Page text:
Learned a lot about placements today. The district boards choose which candidates get the scholarships, then Placements (P’cola) decides which school each student will get. This is based on board ranking and school availability. Those students who are picked on the early boards stand a much greater chance of getting their first or second choices. Those who are chosen on the regular boards have less of a chance at their first or second choices due to 1) billet availability – some have been taken by the first board selectees; and 2) in-state and out-of-state ratios. The in/out of state requirement is new this year. I’m sure this new requirement was enacted due to fiscal restraints. Example: 10 kids are selected for the scholarship. They all want to go to XXX University. All but one are from out-of-state and the one in-stater is last on the list. There is an 80% in-state requirement for XXX. #1 and #2 both get XXX. #10 also gets XXX because he is from in-state. #3-9 move on to their second, third, fourth, or fifth choices. Now all of the selectees are offered the scholarship at their “placed” school. The school applications go out and each student is either accepted or declined admission at each school. If accepted, no worries. If not accepted at their “placed” school, but accepted at another school(s) on their list, the decision process goes back to placement. Now everything must be re-evaluated – billets that have come open due to declined admissions, in/out-of-state ratios, scholarship board rankings, etc. How all of this falls out is anyone’s guess.

My take aways:
1) Visit all prospective campuses early – make sure you know your order of personal ranking before filling out the scholarship.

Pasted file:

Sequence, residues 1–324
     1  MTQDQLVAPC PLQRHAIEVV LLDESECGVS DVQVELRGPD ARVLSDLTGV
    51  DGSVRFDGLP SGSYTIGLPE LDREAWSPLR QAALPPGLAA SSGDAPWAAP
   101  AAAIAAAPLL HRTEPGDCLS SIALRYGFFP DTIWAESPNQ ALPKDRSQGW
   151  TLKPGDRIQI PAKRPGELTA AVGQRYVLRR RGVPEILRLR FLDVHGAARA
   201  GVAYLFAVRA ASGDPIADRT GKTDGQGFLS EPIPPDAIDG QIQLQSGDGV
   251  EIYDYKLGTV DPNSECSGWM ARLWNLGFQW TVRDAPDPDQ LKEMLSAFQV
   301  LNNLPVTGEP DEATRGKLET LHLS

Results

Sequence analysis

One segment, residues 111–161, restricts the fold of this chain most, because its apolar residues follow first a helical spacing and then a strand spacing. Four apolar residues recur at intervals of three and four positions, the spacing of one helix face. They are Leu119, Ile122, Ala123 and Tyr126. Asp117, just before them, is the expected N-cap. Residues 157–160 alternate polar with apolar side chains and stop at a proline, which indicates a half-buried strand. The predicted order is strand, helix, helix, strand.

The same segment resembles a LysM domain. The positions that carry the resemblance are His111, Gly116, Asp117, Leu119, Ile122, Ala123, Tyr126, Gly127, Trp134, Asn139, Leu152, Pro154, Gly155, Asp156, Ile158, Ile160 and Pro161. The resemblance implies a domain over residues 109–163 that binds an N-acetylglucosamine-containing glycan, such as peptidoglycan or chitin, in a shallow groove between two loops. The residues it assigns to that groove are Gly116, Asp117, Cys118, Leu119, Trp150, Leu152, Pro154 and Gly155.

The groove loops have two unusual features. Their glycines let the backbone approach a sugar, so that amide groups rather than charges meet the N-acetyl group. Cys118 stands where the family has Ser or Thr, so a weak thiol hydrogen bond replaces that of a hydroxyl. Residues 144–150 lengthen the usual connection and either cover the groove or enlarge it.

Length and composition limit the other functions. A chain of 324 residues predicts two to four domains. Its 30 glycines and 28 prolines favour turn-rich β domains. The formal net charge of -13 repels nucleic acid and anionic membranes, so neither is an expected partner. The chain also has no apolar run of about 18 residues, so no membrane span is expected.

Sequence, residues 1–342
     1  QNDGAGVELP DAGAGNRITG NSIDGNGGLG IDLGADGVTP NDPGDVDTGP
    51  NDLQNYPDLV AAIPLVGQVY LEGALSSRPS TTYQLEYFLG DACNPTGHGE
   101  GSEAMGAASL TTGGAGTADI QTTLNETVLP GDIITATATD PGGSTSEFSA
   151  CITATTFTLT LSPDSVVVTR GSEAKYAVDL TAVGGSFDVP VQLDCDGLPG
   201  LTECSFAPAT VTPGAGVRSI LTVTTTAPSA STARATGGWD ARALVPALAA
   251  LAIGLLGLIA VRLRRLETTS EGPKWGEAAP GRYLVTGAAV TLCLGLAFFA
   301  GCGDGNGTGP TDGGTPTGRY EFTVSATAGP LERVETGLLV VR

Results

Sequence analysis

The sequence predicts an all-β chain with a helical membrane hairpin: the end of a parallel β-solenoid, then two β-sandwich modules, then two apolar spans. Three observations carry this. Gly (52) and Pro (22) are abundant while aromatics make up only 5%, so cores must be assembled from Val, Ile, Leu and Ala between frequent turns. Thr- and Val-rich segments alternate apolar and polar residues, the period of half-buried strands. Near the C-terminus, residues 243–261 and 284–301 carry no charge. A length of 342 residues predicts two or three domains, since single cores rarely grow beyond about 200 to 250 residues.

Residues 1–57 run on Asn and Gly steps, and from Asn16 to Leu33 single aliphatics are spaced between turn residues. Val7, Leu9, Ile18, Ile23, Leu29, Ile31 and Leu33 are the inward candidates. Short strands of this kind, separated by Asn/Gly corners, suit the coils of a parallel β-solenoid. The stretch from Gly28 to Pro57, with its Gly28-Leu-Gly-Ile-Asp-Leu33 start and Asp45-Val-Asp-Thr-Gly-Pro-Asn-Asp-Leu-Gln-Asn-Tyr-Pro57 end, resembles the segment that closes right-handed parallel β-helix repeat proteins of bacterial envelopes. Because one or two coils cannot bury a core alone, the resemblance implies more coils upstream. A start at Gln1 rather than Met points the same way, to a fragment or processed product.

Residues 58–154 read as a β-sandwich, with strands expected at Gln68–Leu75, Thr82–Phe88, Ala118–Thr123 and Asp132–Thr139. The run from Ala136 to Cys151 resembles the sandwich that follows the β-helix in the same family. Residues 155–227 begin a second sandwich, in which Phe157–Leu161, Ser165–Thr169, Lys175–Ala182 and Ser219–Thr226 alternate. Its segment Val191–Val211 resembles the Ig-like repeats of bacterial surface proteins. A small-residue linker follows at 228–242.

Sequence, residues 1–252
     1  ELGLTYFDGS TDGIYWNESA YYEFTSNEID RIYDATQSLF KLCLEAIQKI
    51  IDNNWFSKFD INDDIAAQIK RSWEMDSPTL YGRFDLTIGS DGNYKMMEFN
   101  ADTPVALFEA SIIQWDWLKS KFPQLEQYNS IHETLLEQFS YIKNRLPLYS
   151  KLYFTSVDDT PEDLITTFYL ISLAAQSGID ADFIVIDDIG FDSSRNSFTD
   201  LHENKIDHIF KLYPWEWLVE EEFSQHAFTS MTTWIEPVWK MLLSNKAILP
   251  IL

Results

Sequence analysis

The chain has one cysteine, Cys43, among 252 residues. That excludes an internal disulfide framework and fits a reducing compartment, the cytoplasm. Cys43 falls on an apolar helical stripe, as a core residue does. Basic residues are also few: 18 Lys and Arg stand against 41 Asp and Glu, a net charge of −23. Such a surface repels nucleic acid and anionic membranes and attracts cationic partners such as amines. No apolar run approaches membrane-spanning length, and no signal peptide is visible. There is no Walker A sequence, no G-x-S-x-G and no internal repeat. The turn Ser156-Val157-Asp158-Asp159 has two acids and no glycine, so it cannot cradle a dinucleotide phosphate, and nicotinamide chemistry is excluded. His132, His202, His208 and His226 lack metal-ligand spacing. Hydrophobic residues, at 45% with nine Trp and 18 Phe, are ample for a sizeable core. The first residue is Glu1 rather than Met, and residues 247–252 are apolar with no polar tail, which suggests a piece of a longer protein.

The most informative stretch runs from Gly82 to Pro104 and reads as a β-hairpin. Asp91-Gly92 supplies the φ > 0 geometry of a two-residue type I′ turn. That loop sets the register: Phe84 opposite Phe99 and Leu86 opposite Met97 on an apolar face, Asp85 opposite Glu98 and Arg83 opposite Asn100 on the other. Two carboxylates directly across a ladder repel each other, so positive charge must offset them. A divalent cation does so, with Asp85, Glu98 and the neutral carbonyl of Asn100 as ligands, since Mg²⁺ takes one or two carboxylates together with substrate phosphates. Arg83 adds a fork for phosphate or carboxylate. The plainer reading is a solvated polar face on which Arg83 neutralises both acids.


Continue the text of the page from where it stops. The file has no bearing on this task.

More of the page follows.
2) Apply early (to both the ROTC scholarship board and each university on the list).
3) Try to be realistic in your expectations of getting into the schools. If you choose 4 ivy league schools and one in-state safety school and you’re not competitive at the ivies, you may be able to get the scholarship at your safety school if all of the billets haven’t filled up yet. If they have, you will be out of luck and out of the scholarship.
4) You will greatly increase your chances of keeping your scholarship if you are realistic in your choices and choose at least one in-state school. Having 5 acceptance letters allows placement the greatest flexibility in assigning a school and keeping the scholarship.
5) Keep an email record of all of your communications with your local board coordinator.

Take-aways 1-4 are self-explanatory. #5 is what made a big difference in my case. Chis’s list of schools: UVA, Vandy, Tulane, Embry-Riddle, and USF (South Florida) – All of which were realistic. We visited most of the schools early. The only ones we missed were Tulane and USF. Chris applied to UVA, Tulane, and USF early (the others don’t take early apps). He was accepted to Tulane and USF. As soon as Tulane accepted him, he and Mom went over for a campus tour. This was just after the board met. He fell in love with Tulane and found it to be a great fit. Chris emailed his local coordinator requesting to change the order of his list. His coordinator dismissed his request as the board had already met (but placement hadn’t occurred). His coordinator is a 1st Lt who just took over the job, so he may not have been up to speed on all of the processes, but instead of asking the questions, he just said no and left it at that. A week or two later, placements made their decisions and posted them on the web. Chris emailed placements and they put him on a waiting list for Tulane. The whole process didn’t sit quite right with me, so I did a little digging with the help of Taco and the MOI at Tulane. They provided me with some names and numbers at MCRC and P’cola. After getting a little run around, I finally got hold of the right folks. I explained to them what had happened and was told that if I could prove that Cody tried to change schools before placement had occurred, they would consider his transfer now instead of having to wait until after next board and all of the processes explained above. Good thing I had Cody print out his emails to his coordinator! A scan, email, and two hours later, Cody was reassigned to Tulane. Talk about a load of stress taken off………. whew!

I know this is a lot of info to digest, but it’s all something I wish I was aware of before the process started. I also know that it’s not all-inclusive, so if you have any questions, please feel free to post or PM. I’ll do my best to answer your questions and if I don’t have the answer, I may have a name and/or number that I can share with you. Best of luck!